Young Artist School of Painting
I Wayan Pugur, 1958
Adapted from an article by Greg Cruey
For much of the late 40′s and 1950′s Indonesia as a whole laid aside art for politics. But a new burst of creative energy came to Bali in the 1960′s in the form of Dutch painter Arie Smit (1916-).
The story is that Smit, while visiting Bali, was walking through a stretch of countryside near the village of Campuan when he happened upon a group of boys drawing in the sand. He was impressed by their talent and invited them to his studio, where they promptly became his students. Smit gave them the material they needs, taught technique, but was careful not to make suggestions about content or color. And he did not let them see his own painting.
Smit had come to Indonesia as a Dutch soldier and stayed on Java after independence. Among other things, he taught art and drawing at a university in Bandung. In 1951 he applied for Indonesian citizenship to keep from being expelled from the country. He first visited Bali in 1956.
The Young Artists Movement which developed from Smit’s students was a lively, sometimes humorous, genre with color and line characteristics which, while unique within the history of Balinese art, remained essentially Balinese. At its height, the movement probably included between 300 and 400 artists.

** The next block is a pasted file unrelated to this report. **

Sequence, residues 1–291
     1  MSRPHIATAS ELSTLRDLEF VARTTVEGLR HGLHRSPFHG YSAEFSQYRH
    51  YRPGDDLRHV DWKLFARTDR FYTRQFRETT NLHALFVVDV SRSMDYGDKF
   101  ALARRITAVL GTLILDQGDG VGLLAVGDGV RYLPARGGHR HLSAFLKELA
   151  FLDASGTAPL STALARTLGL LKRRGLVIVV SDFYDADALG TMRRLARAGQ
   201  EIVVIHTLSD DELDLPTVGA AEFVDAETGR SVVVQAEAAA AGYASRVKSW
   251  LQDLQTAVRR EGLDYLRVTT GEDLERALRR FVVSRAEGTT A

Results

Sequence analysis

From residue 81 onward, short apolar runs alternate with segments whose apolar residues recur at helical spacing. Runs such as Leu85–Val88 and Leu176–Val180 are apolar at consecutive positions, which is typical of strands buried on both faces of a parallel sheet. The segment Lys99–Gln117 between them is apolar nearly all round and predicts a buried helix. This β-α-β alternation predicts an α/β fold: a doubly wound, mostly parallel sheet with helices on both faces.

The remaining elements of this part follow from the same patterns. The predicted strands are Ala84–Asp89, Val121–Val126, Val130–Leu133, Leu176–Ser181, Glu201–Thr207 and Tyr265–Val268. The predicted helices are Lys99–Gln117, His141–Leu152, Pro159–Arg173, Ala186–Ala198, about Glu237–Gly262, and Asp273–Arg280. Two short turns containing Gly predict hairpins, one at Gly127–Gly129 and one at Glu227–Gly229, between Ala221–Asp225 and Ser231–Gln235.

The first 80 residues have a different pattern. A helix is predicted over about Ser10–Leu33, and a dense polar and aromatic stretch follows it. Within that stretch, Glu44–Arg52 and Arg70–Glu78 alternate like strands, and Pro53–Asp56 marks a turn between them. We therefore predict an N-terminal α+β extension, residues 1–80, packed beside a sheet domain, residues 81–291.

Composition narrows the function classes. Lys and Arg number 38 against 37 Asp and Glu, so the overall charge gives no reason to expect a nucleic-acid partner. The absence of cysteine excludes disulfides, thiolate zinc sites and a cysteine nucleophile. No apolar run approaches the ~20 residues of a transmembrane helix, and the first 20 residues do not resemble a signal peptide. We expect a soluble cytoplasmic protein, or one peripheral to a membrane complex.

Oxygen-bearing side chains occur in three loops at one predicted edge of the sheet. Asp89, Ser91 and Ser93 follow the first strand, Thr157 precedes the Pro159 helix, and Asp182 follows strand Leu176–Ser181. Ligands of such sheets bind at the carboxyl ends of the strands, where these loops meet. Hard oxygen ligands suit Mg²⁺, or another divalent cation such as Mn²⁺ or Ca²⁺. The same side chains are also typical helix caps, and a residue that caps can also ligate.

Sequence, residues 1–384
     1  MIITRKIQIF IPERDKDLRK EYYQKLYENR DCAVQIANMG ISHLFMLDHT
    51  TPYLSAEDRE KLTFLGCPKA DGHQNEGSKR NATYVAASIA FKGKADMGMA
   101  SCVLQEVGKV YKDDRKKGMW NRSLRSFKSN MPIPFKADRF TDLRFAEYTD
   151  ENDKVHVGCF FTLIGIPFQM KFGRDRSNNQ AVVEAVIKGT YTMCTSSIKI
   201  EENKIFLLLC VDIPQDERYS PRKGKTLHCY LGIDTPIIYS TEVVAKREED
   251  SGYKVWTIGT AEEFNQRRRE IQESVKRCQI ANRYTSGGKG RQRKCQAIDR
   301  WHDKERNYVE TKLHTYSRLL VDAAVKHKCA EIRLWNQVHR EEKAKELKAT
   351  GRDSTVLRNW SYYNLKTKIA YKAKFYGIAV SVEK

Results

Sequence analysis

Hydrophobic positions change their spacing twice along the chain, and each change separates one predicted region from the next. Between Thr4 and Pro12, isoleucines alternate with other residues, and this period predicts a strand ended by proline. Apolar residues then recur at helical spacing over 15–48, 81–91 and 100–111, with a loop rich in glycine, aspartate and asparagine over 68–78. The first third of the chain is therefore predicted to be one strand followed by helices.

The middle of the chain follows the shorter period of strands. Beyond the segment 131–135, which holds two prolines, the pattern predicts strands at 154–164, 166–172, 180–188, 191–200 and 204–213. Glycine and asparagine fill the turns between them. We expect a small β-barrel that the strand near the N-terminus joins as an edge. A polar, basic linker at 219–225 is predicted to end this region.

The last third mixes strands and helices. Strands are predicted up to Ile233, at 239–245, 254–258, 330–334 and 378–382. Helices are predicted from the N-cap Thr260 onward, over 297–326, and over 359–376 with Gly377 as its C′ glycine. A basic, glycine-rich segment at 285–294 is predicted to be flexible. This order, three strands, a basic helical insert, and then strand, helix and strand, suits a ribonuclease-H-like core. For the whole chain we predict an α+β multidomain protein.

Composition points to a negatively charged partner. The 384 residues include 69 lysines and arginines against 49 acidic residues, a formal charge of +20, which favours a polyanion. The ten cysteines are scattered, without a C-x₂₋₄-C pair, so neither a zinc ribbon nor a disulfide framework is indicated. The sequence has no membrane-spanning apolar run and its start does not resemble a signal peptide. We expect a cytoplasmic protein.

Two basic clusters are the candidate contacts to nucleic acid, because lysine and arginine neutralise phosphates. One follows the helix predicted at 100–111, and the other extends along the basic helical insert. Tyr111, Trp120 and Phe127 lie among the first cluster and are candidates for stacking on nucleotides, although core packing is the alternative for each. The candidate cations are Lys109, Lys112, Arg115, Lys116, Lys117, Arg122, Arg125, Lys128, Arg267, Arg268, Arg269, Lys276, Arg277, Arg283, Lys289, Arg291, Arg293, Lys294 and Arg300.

The Young Artists Movement has been given mixed reviews by history. Smit distanced himself from it in order to allow the Balinese he’d taught to stand (or fall) on the merits of their own arts. Smit himself went on to an outstanding artistic career in Bali.
An early example of paintings from the Young Artist School is shown below. This painting, by I Wayan Pugur (b. 1945), was executed when he was 13 years old and was exhibited at the San Francisco Museum of Modern Art in 1964, as part of a traveling exhibition in the United States in 1964-1965. This early drawing, executed on paper, exhibits the use of bright colors and a balanced composition. The drawing space is divided into three solid-color areas: dark blue, bright yellow and magenta in between showing the influence of the Wayang painting tradition. The leaves of the large tree with the snakes show the juxtaposition of complementary colors. The faces of the figures were drawn with no details, yet the snakes have eyes and long tongues.
Another fine example is a painting by I Ketut Soki (b. 1960) depicting the Hell in the Balinese mythology.
Major artists from the Young Artist School are I Wayan Pugur, I Ketut Soki, I Ngurah KK, I Nyoman Londo, I Ketut Tagen, I Nyoman Cakra, I Nyoman Gerebig, I Nyoman Mundik, Ni Ketut Gampil and many others.
“Peasant Painters from the Penestanan Ubud Bali – Paintings from the Collection of Datuk Lim Chong Keat”, National Art Gallery Kuala Lumpur (1983).